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Date published: 10/28/2012
LOS ANGELES TIMES
In the skies over America, the squeeze is on.
Legroom on airplanes is going the way of free checked bags, pillows and in-flight meals. Passengers who want a little more wiggle room in their coach seats better be prepared to open their wallets.
The trend for cash-strapped airlines is to charge passengers extra to sit in a new category of roomier economy seats with names such as Big Front Seat and Economy Plus.
But where's this extra room coming from? Ask fliers in the cheapest seats, who are now being packed closer together.
"When I fly, I no longer feel like a passenger; I feel like I'm cargo," said James Mewes, a retired Palm Springs, Calif., lighting company executive. "The seats already do not have enough padding. They have gotten narrower, and the legroom has become smaller."
The move to charge passengers for onboard extras took off in 2008 when the economic recession severely cut demand for air travel, pushing the nation's largest airlines to find new ways to boost revenue without raising fares too much.
Such fees have been so lucrative--generating $22.6 billion among 50 airlines worldwide last year--that airlines have spent the past few years crafting one to let economy passengers upgrade to seats with a few inches of extra legroom.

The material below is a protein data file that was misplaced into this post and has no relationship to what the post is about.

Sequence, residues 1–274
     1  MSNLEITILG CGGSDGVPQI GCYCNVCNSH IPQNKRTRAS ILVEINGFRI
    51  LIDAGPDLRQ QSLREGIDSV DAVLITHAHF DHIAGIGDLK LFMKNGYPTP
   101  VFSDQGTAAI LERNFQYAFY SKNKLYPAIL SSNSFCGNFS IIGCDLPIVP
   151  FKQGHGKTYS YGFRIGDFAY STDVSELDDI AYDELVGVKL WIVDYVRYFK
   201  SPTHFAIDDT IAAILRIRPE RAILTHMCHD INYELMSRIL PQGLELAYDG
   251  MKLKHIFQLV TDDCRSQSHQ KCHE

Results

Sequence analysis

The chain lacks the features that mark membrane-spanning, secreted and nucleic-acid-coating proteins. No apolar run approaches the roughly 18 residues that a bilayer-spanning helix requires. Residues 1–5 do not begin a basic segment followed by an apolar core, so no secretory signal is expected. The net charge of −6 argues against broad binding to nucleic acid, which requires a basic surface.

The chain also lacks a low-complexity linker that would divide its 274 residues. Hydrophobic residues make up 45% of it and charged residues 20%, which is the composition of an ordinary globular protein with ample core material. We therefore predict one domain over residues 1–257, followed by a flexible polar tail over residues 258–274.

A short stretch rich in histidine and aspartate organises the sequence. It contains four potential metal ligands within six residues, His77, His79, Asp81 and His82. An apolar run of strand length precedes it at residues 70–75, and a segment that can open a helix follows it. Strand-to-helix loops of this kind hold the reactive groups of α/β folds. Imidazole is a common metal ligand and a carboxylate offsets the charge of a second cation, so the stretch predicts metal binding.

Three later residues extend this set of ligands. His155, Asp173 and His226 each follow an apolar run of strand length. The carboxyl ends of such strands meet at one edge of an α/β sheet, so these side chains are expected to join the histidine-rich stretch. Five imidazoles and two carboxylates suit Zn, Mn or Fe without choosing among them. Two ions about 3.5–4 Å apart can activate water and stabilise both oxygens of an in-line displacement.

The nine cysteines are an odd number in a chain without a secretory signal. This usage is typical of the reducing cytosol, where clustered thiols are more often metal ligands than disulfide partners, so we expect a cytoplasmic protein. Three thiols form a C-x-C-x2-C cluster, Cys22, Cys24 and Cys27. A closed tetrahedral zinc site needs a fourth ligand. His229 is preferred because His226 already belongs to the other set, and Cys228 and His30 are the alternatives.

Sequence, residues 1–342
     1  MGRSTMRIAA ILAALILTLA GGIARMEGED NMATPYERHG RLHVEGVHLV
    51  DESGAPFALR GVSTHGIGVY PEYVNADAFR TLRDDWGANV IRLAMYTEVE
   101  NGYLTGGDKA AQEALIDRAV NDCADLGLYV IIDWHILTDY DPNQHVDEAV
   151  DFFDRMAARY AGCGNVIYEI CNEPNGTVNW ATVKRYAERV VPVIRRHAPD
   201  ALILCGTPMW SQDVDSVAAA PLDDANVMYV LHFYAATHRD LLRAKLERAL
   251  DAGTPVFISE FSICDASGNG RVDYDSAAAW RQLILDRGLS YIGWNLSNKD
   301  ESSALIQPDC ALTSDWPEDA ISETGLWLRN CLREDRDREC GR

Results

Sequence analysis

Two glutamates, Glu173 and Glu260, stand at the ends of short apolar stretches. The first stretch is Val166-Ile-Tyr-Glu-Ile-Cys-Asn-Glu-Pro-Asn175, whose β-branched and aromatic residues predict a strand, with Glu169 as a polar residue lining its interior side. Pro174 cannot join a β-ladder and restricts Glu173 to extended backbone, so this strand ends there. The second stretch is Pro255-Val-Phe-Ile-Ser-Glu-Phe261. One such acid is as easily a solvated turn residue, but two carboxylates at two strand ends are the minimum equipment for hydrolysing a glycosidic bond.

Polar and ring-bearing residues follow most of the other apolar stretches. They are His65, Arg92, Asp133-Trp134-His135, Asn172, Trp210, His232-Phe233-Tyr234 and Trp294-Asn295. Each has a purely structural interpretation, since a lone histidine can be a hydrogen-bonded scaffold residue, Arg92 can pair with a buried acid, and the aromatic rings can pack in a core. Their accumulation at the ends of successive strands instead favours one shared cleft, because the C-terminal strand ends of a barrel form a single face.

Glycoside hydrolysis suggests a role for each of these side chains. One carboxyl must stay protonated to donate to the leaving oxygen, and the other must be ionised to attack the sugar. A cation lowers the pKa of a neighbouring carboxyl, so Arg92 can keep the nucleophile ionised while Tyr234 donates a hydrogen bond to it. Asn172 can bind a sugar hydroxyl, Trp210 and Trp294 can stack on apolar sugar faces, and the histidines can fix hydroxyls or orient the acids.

In the past, the economy section on an average long-haul plane represented about 90 percent of the seats, with first-class seats making up the balance. Today, 10 percent to 30 percent of the spots on a major airline are extra-roomy economy seats, according to industry experts.
To make room for the new seats, airlines have eliminated 10 to 40 standard economy seats per plane. On some airlines, many of the remaining economy seats got pushed closer together even as Americans have grown, well, bigger.
"It's getting to the point where if you are 5-foot-9 and taller, you are hitting your knees on the seat in front of you," said Joe Brancatelli, a business travel expert and author of the website Joe Sent Me. "And if you are more than 5 pounds overweight, a 17-inch-wide seat is too narrow for you."